Stocks and Shares: why they could be a big win for you

May 28, 2015

The stock market is a very interesting place indeed. In fact, it’s so interesting most people avoid it all together. Hopefully, over the next few articles, we’ll be able to help you understand a little more about what investing in the stock market actually is, and how you can begin to actually invest in it.

Ignore the hype

Turn on one of the financial TV channels and you’re bombarded with a whole host of complicated information. Tickers at the bottom show you lots of green and red digits that aren’t easy to understand, analysts talk about particular companies or stocks that are on the up, and there’s a sensationalism and urgency about the whole thing that makes it seem more like a night at a casino.

But, with a little understanding, we can strip away the showmanship and find out exactly what investing in the stock market is. So, let’s start with something simple. If we keep in mind that all sorts of things are traded on the stock market, then we can think of investing in it as buying a little piece of one of those things. Hopefully, over time, the thing will grow in value, enabling you to buy more little pieces, or take the money as income.

Sound simple enough? Then let’s move on to take a look at the most common thing you can buy when you decide to invest in the stock market: stocks.

What are stocks and shares?

The first thing to clear up about stocks and shares is that you might know them as something different, namely equities or securities. It’s relatively straightforward to clear up why – when you buy a stock, you’re purchasing a little bit of the company, which means you now have equity in it. It’s the same with securities – you secure a share of ownership in the company. Don’t worry about the names, they all mean the same thing.

As an individual, you’re allowed to buy a share in any company that is traded on the stock market. Let’s say you decide to buy a share in Apple. Congratulations! You now have a share of the company’s ownership. Broadly, that means that if Apple does well, you will be rewarded for having a share of a successful business. If the business doesn’t do very well, you might find the value of your share going down.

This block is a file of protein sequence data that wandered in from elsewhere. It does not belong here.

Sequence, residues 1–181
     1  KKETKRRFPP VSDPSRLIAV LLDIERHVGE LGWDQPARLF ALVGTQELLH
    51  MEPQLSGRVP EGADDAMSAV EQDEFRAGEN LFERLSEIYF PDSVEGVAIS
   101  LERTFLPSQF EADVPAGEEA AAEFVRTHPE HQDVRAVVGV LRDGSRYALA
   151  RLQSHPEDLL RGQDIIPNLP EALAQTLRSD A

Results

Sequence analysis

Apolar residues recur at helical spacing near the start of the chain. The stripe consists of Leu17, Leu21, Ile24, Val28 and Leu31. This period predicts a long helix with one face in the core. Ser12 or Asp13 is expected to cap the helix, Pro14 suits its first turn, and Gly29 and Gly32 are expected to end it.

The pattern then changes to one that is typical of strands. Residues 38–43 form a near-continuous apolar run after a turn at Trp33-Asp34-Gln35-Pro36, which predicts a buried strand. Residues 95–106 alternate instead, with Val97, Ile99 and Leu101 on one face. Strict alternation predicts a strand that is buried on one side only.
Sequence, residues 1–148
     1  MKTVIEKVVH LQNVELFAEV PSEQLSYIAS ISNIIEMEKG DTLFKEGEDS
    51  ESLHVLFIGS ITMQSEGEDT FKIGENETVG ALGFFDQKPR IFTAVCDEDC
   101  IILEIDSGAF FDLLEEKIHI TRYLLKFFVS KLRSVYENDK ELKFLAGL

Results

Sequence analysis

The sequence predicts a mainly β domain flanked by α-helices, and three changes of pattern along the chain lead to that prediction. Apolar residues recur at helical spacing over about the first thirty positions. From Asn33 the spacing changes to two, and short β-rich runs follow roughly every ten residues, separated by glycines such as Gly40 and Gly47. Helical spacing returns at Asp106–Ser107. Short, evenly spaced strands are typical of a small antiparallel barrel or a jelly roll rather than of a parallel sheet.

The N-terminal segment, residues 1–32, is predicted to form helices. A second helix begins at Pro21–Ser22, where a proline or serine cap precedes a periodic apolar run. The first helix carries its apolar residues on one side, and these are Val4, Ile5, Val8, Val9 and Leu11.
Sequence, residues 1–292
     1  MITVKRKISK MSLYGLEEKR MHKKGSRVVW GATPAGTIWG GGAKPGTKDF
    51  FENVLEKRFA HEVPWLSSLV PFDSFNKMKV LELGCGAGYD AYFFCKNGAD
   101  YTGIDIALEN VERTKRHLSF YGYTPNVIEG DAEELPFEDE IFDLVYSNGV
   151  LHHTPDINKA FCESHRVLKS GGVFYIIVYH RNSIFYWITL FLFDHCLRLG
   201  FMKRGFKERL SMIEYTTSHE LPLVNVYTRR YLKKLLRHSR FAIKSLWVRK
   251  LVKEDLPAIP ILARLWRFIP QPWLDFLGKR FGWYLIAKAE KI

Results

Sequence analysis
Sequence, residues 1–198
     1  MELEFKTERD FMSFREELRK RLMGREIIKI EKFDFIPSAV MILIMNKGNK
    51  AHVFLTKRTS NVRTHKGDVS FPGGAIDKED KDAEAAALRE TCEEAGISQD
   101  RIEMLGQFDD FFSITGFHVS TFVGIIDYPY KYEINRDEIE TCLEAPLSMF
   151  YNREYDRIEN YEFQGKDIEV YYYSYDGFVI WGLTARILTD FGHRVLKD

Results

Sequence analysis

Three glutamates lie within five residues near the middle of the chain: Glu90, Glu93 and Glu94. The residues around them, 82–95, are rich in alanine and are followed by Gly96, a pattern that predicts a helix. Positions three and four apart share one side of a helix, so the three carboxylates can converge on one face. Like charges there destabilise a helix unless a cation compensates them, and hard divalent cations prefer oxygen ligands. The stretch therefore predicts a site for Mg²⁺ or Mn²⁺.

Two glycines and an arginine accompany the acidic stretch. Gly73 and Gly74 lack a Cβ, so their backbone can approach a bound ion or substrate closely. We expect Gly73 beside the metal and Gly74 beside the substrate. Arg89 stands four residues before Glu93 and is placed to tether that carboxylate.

So, why would you buy shares in the first place? Well, some people will buy them and sell them very quickly, while others like to buy shares and hold them for a long time. We’ve already covered what it means to invest, where we talked about putting money into financial schemes with the expectation of achieving a profit. By buying a stock, you have the potential to make money from either the price of the stock going up and you selling it when it’s worth more, or through dividends.

Let’s say that you invest in a toy company that makes those monkeys that wear a waistcoat and play the cymbals. You know the ones? Well, you buy a share in the company for £1, and then BOOM! Monkeys-with-cymbals toys become the next craze to sweep the Western world, and every child has one on their Christmas list. Suddenly, the company is doing really well, making money, and the stock that you own in that company becomes highly attractive, pushing the price of the stock up to £5. The success means more investors will be interested in owning that stock and riding the monkeys-with-cymbals wave. You can think of it like any supply and demand equation – the greater the demand for the company’s stock, the more expensive the stock becomes to buy. And as the owner of a share in the company, you benefit. The price of the stock going up is called price appreciation. When you sell that stock, you’ll make a profit because it’s worth more than it was when you bought it – perhaps enough to buy your own monkey-with-cymbals.